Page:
CJEU limits processing air passengers’ personal data

The beginning of the summer holidays was marked by the Court of Justice of the EU (CJEU) ruling concerning air travel, passengers' personal data, and prevention of terrorism. The CJEU primarily addressed the validity of the Passenger Name Record (PNR) Directive and the compliance of the processing of air passengers' personal data with EU law. In its judgment, the CJEU concluded that EU law precludes national legislation requiring a systematic processing of passengers' personal data without the existence of a genuine and foreseeable terrorist threat.

The PNR Directive allows for the systematic collection of personal data of air passengers entering and leaving the EU to prevent, detect, investigate, and prosecute terrorist offences and serious crimes. Personal data include, for instance, the name, contact details, date of issue of the air ticket, seat number, luggage information, and even information about the passenger's frequent flyer programme.
Member states may also apply the directive to flights within the EU. In the case in question, Belgian legislation required air carriers to collect their passengers' personal data for intra-EU flights. However, according to the League of Human Rights organisation, such an extension of the scope of the directive may infringe the right to respect privacy and protect personal data. It may also indirectly reinstate border controls, disrupting the free movement of people within the EU.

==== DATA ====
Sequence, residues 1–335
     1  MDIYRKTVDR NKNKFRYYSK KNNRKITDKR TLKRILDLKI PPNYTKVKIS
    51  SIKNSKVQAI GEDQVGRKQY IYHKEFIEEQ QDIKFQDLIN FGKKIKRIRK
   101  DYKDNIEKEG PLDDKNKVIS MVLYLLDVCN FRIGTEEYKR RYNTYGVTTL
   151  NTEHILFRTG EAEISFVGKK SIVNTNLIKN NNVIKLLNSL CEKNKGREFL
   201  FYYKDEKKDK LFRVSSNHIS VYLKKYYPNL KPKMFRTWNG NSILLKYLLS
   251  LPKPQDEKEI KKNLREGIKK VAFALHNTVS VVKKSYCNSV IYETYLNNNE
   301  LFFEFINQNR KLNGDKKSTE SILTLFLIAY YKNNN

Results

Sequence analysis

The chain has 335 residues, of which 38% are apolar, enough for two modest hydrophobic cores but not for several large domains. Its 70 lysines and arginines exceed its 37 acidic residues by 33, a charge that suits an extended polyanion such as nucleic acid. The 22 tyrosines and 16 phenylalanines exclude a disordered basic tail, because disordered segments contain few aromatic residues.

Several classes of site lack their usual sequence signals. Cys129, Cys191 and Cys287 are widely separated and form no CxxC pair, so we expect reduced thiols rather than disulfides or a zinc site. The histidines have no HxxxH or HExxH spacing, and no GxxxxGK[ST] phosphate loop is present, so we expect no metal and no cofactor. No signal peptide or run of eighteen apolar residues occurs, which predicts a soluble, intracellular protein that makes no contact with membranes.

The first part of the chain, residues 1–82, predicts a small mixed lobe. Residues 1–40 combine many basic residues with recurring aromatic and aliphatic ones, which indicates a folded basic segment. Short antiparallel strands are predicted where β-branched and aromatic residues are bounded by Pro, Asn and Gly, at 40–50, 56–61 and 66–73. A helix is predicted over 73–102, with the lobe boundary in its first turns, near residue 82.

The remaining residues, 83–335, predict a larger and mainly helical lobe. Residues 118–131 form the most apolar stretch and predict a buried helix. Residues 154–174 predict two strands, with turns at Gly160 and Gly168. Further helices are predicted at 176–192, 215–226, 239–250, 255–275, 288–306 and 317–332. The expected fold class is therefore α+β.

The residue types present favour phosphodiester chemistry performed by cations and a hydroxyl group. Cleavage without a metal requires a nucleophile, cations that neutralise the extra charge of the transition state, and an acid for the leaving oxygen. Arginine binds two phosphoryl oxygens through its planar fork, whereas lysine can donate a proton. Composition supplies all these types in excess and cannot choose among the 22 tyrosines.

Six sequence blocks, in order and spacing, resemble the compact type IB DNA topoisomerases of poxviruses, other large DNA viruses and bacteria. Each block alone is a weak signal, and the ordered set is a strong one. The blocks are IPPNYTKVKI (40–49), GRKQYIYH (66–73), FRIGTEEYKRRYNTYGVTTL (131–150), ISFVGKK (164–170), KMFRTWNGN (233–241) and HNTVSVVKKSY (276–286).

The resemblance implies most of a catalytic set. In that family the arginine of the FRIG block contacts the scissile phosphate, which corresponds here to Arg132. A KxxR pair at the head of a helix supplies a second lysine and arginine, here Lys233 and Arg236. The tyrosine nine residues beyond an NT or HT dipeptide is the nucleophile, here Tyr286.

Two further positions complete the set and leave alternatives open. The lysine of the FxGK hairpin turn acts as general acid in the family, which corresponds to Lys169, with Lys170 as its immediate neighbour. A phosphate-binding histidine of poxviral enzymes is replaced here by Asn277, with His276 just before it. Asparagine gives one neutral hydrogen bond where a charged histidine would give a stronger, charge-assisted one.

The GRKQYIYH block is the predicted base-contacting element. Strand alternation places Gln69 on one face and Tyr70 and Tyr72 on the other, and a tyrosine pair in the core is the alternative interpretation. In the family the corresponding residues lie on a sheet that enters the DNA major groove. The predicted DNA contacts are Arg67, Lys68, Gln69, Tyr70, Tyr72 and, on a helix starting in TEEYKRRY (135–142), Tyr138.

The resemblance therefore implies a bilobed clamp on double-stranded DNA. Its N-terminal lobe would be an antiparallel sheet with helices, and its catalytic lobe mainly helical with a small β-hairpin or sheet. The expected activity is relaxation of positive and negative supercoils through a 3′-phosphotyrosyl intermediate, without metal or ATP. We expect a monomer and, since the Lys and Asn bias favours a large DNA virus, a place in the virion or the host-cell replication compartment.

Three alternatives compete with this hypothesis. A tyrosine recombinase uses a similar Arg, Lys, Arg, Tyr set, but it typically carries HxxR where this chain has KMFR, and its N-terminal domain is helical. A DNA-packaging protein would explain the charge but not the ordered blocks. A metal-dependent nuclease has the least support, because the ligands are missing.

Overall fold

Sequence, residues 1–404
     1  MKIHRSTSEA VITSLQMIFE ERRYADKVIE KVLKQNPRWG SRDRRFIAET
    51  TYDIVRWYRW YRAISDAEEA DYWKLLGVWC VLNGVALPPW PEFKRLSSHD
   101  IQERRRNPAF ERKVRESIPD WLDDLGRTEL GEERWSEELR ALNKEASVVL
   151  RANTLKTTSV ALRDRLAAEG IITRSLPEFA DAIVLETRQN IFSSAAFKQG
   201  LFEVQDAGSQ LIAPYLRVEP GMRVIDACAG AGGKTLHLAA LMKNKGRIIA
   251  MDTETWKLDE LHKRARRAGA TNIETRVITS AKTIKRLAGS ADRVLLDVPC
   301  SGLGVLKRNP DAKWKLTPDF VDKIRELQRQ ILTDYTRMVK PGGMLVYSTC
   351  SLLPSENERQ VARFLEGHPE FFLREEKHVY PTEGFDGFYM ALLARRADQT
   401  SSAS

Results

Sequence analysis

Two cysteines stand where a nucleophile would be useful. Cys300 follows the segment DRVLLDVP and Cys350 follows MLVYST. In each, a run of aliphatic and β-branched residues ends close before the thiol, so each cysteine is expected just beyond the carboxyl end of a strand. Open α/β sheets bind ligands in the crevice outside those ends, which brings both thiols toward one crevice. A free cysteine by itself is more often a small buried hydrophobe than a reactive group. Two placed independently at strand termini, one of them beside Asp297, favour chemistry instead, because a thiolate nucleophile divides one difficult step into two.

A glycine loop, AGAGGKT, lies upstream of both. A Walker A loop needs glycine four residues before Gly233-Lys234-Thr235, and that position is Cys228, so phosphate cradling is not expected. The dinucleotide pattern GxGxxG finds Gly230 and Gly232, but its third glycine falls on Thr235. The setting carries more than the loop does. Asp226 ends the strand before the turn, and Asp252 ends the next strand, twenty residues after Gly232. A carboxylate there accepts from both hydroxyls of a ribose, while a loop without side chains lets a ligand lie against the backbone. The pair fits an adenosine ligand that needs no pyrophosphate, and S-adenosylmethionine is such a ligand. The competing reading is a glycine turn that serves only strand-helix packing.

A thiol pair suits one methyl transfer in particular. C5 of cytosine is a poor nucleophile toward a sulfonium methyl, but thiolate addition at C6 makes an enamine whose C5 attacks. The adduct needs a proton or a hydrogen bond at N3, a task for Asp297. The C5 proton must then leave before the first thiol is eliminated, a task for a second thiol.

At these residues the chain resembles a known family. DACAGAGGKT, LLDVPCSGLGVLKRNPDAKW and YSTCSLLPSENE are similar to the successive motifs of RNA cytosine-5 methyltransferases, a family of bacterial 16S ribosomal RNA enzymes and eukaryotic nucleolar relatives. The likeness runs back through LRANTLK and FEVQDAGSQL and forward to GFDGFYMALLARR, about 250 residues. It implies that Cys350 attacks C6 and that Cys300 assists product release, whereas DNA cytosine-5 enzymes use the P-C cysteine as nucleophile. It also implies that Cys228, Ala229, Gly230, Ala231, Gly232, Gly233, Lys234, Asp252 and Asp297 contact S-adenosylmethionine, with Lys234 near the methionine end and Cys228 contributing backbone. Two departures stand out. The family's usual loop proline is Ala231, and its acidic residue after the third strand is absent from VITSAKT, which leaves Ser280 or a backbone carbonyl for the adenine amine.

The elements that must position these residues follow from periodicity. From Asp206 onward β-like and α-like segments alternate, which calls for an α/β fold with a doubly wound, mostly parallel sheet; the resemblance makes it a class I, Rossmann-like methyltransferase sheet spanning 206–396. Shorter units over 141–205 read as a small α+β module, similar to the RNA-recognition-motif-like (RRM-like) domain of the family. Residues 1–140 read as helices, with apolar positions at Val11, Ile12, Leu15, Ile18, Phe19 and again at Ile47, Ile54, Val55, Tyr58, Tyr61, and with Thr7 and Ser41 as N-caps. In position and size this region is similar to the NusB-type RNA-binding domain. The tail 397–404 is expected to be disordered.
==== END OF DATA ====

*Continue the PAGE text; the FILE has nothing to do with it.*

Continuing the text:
The CJEU admitted that the PNR Directive entails serious interferences with the rights guaranteed by the EU Charter of Fundamental Rights, as it seeks to introduce continuous, non-targeted, and systematic surveillance, including the automated assessment of the personal data of all persons using air transport services. According to the CJEU, interference with these rights by a member state must meet strict conditions.

Thus, a member state can extend the application of the PNR Directive to all intra-EU flights in principle only in a situation where:

  • it faces a terrorist threat which appears to be genuine and present or foreseeable on the basis of sufficiently solid grounds;
  • the processing of such passengers' personal data is proportionate to the potential threat;
  • the application of the directive does not go beyond the scope and time of what is strictly necessary to combat terrorism.

In the absence of such a threat, the transfer of passengers' personal data must be limited to certain routes, travel patterns, or certain airports where there are indications of a potential threat. The processing of passengers' personal data will also be subject to further restrictions. For example, the data can neither be processed for the purpose of detecting ordinary crime nor, with some exceptions, used after six months from being transferred by the air carrier to the competent authority. The CJEU also commented on the use of artificial intelligence (machine learning systems) in the preliminary assessment of PNR data and for identification of persons who should be further screened prior to arrival or departure. The competent authorities cannot use these technologies, in particular because of the margin of error.

To conclude: when processing air passengers’ personal data, air carriers and competent authorities of the member state must comply not just with applicable aviation legislation (e.g., the Civil Aviation Act), but also with EU legislation and case law on personal data protection. Otherwise, they may face severe fines for breaches of personal data protection rules.

 

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